Just three days after the Foundation for Baltimore County Public Library committed to raising a $1 million endowment for its children’s literacy initiative, supporters were shocked to learn they were suddenly halfway to their goal.
The foundation received a bequest this week of $475,000 from the estate of Margaret “Peggy” Peterson, a former BCPL librarian, who demonstrated her commitment to libraries in death as she did in life. Peterson, who died in 2006, was a BCPL employee from 1963 until her retirement in 1986, and was known for her love of books.
A Baltimore native, she was a life-long library patron, having spent many hours of her childhood inside the branches of Enoch Pratt Free Library (EPFL), according to her friend Lynn Wheeler, director of Carroll County Public Library.
“Peggy loved to read and libraries were her second home,” Wheeler said in a statement. “It was Peggy’s wish to give gifts to both BCPL and EPFL—two library organizations that brought great joy and meaning to her life.”
Peterson’s estate bequeathed an additional $475,000 to EPFL.
“She was intelligent, well-read, approachable to customers, very down-to-earth, had a warm smile and a very memorable laugh,” said Jim DeArmey, BCPL’s information services coordinator. As a teenager, he first met Peterson in the 1970s when he shelved books at the Catonsville branch, where Peterson was a librarian.
DeArmey credited Peterson’s vitality and kindness during her tenure at Catonsville for continuing his career with BCPL.
“It’s that experience that made me continue in this line of work,” DeArmey said. “She loved what libraries could give to the community, and she gave back so much, to us, with her intelligence, and warmth, and knowledge.”
According to Heidi Gillis, the marketing and development manager for the foundation, past children’s literacy projects like “Storyville," currently at the Rosedale and Woodlawn branches, and “My First Library Card” are examples of programs for young readers that the foundation hopes to bring to all branches.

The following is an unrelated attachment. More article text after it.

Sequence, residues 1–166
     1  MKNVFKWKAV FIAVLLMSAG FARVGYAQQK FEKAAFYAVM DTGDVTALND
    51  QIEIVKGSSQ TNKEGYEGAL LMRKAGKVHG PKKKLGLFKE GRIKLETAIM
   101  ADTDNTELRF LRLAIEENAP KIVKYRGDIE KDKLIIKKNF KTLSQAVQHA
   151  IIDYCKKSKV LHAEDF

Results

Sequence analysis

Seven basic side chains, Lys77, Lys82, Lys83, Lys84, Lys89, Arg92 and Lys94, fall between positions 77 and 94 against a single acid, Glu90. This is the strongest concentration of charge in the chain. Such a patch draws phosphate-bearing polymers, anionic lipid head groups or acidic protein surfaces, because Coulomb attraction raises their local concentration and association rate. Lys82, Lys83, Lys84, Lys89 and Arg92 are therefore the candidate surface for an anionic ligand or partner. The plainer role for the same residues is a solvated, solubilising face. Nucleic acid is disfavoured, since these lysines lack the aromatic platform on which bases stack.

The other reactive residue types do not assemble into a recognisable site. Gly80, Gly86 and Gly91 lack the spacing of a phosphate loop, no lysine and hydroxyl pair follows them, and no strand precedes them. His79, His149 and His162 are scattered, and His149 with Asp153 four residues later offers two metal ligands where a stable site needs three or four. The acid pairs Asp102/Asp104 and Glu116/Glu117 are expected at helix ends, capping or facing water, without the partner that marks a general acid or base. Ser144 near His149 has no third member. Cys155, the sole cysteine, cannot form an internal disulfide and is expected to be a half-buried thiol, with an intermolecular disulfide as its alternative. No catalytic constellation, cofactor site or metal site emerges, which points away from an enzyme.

“The interest for that endowment will be used towards children’s literacy efforts in the future at BCPL,” said Gillis, who emphasized that as technology changes, so do methods of children’s education. The money will be available “in perpetuity,” Gillis said, to fund projects that benefit children.
“In the future, whatever the big thing will be at that time, they’ll just be able to move forward with it without too many restrictions,” Gillis said.
The foundation has been raising money since 1999 for system-wide BCPL goals as well as specific projects designed to help children and young adults cultivate a lifelong enthusiasm for reading and learning, according to their website. This endowment had been discussed for about a year, according to Gillis, before they finalized their goal of $1 million.
“We thought a million might be a stretch, so we were very excited when we found out [about the bequest],” Gillis said.
Peterson’s estate provided an annuity for her son, who died in 2011. After his death, the balance of her estate was split evenly between BCPL and EPFL, according to Robert Hughes, spokesperson for BCPL.